To be honest right from the start, I don't have any logical arguments to justify the amounts of money going into the space program. But there are a few ideas and thoughts that might explain parts of it, which seem - reviewed with the necessary distance - anything but science related.
Space exploration and research programs are definitely the HiTech-topics mankind is thinking about at the moment. And being the leading nation in that field of knowledge, or even belonging to the chosen few countries, who can afford to invest reasonable amounts of money in that area, "belonging to the club" has got something to do with prestige and credit. Take countries like Japan or China, or even more India, countries on the edge of the Third World, who still developed an ambition to be part of it.
You claim to reinvest the $$$ for education in the US, who is raising his/her voice for the starving and dying people in India? Can you find a sufficiently reasonable explanation/justification for that? There is no logic of benefit behind any space program. Its a matter of national-identity and self-esteem as a nation, for India as well as for the US.
Lets look at it a little closer. Space exploration, rather what we call it today (which is not much more than opening the door of the room you're living in), the history of space exploration so far has always been a race. A competition between nations. And its still the same today. Now, don't tell me, there are multi-national crews on the Shuttle missions, or multi-nation-funding of the ISS, that's bullshit. Its still a national event of the US, while they're trying to raise money for it outside their own country. Decision making and, even more important, gathering of experiences and knowledge lies completely and only in the hands of the US. In the long run it WILL pay off, so they think. Not so much in scientific results from missions, but in domination and securing the position of a leading nation. The problem about mankind is its curiosity. If its not the US, there are other nations ready and willing to do the same, in fact they do. Independently doing the same things to gather the same knowledge and experience, independently blowing up comparable amounts of money for comparable little scientific results.
But I guess that's in the nature of mankind. If there is something unknown, we have to find out. And I cant say I'm dismissing that. There definitely IS a bad taste about it, but still I love to see the progress, even more love to dream about, what might be possible in the future. And one thing is for sure: if you don't gather experience early, you wont be a part of it, when its getting serious some day.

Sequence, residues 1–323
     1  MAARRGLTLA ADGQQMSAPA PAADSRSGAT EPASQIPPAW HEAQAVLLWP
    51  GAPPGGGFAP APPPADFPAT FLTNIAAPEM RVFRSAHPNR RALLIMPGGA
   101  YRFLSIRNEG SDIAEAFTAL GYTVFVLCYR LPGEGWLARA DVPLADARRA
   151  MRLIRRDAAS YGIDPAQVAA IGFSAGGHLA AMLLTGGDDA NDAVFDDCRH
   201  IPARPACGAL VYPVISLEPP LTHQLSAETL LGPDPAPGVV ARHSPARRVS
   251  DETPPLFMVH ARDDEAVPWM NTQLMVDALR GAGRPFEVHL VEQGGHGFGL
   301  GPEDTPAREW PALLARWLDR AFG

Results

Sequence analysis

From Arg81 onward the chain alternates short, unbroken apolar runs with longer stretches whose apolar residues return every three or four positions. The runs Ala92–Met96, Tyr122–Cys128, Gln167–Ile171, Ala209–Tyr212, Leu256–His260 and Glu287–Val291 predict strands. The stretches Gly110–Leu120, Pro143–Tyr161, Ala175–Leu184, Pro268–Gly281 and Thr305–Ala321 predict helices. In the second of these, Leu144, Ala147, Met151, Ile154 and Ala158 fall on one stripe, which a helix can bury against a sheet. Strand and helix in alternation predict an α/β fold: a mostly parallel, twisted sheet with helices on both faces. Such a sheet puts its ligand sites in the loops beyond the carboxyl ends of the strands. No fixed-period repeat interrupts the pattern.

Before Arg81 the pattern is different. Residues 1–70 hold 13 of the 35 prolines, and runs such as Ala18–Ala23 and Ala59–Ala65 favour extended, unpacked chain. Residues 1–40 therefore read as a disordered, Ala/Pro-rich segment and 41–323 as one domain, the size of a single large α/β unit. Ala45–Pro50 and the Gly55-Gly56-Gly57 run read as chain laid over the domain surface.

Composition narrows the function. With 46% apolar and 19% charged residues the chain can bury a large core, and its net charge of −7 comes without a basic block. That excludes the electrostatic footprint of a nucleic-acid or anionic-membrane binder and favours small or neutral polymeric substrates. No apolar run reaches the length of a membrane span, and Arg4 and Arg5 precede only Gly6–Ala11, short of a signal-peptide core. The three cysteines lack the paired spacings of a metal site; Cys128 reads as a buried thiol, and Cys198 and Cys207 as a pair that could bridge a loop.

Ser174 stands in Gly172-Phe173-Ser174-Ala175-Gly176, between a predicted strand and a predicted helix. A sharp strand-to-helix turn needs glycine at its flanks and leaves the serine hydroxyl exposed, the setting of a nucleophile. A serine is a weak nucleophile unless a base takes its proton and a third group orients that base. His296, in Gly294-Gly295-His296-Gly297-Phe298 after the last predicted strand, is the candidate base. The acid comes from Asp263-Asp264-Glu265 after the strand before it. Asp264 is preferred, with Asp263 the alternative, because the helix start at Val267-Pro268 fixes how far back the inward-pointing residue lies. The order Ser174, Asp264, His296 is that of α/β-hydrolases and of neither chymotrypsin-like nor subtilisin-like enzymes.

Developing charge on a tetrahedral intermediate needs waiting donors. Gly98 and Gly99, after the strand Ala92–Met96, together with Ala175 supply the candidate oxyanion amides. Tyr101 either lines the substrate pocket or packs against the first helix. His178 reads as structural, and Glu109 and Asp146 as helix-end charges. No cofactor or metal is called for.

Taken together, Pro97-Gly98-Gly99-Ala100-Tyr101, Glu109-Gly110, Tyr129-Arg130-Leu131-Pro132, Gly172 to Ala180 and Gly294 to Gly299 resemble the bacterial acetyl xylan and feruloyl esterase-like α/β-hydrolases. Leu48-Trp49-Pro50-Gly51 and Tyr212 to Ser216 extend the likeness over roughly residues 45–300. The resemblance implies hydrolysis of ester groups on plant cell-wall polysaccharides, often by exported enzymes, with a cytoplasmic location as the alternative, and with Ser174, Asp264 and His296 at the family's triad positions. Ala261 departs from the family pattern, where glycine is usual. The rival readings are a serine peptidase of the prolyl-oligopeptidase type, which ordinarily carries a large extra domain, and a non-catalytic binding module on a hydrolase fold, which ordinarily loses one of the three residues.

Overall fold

You said, Mac, you don't wonna hear any insipid logic. I'm not sure whether or not what I have to say falls into that category, but I'm really failing to see any need for a serious cost-benefit analysis, just because its so obvious there is there is no immediate benefit from the space program as we're seeing it today. Its just a long term investment into the future, may be even more the political future than the scientific future, but that may well render useless as soon as the national borders fall in a future society.
You think interstellar travel will stay impossible because of the laws of maths and physics? I tell you interstellar travel WILL be possible because of the laws of market and curiosity. Why do you think what we know today is the end of the evolution ladder? Isn't there any room left for additional knowledge? For changes and revision of laws due to a new understanding of time and space? We're looking at the world and the universe today with a certain set of knowledge, but I simply refuse to accept that it'll be it. Einstein was a genius for the time he was living in, but so was Archimedes in his time. Why should a future time not bring up another genius, who's looking at everything from a different angle? It doesn't necessarily mean Einstein was wrong, but in a way he didn't know everything there is to know.
After decades of construction my website is finally up an running: www.kkds.de
The investments of NASA's space program are questionable. I'm not going to debate whether their spending guidelines are satisfactory to the results.
However, I will say a thing or two about man's pursuit for the unknown. Since the dawn of man, we have feared anything unknown. Through experience though, we've discovered that by learning more about the unknown, there was nothing to fear but ignorance.
Now onwards to the 21st century. We are traveling through space, even if for relatively short distances. One thing I think none of us can dispute is that everytime we send another person off to space, we learn a great deal about it. This should be enough to continue again and again. The real point to the space program shouldn't be about getting to pluto, or colonizing mars. It should be about the pursuit of knowledge.. the one thing that has kept mankind out of the dark ages and into a better world.
I believe the moment we stop looking for better and greater things is the moment we slowly slip back into the dark ages in which everyone lives a life of misery because they believe that is the way it has always been. The one thing that keeps 1984 from becoming a reality is that there are always a number of people asking "Why?"
If we end up with a colony on mars or a flag on pluto, then all the more better. Our first priority should be the never-ending pursuit of knowledge.
Sorry if this sounds a little "truth, justice, and the american way" but I firmly believe this is one of the few things that has indisputably made mankind better off with than without it.
If the world should blow itself up,the last audible voice would be an expert saying it can't be done
This post was edited by Hawkeye on May 09, 2005.